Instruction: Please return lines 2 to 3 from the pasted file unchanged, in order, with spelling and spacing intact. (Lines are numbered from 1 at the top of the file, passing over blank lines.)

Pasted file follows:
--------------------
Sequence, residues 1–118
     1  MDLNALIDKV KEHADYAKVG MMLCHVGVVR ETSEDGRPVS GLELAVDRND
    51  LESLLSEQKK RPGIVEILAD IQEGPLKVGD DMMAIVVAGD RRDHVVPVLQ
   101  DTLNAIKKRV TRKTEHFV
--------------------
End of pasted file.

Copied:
     1  MDLNALIDKV KEHADYAKVG MMLCHVGVVR ETSEDGRPVS GLELAVDRND
    51  LESLLSEQKK RPGIVEILAD IQEGPLKVGD DMMAIVVAGD RRDHVVPVLQ